One in five Australians - some 3.5 million people - will experience problems of alcohol abuse and dependence during their lifetime, but few seek treatment, a new study from UNSW's National Drug and Alcohol Research Centre has found.
The report, published online in the journal Addiction and launched at the NDARC Annual Symposium, provides the first ever lifetime estimates of alcohol problems in Australia.
The study analysed data from the 2007 National Survey of Mental Health and Wellbeing. It found 22 per cent of Australians will have an alcohol use disorder, either alcohol abuse (18 per cent) or dependence (4 per cent), over their lifetime - with nearly a third of men experiencing a problem at some time.
Young men were two and a half times more likely to have current alcohol use problems than the rest of the population.
Lead author of the report, NDARC's Professor Maree Teesson said it was alarming that in the 10 years since the last National Survey of Mental Health and Wellbeing the number of people with problems remained so high and that so few were receiving treatment.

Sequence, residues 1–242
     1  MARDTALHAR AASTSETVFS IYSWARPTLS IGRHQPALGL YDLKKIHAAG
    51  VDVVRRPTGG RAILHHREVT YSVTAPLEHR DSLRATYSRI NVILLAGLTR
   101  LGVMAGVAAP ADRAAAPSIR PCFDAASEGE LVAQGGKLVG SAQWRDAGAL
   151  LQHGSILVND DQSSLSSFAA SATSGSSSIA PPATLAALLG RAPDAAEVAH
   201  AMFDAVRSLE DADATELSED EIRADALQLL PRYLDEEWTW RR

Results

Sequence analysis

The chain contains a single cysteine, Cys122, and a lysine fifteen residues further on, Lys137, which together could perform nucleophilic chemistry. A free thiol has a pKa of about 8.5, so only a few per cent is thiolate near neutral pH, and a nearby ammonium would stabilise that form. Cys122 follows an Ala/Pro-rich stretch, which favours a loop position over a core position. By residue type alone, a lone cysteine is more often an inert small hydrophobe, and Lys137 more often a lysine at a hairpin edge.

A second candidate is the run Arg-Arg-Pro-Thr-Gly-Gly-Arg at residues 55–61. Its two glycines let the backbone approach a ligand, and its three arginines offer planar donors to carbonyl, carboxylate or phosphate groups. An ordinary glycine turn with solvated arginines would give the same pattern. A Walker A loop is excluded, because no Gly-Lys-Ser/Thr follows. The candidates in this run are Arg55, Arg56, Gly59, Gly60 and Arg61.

"One reason for the lack of treatment is that alcohol problems still have a terrible stigma about them.
"People are much less likely to want to own up to having a problem with alcohol than they are about other physical or mental illnesses, yet their abuse of alcohol has serious consequences," Professor Teesson said.
For further details, visit the NDARC website.
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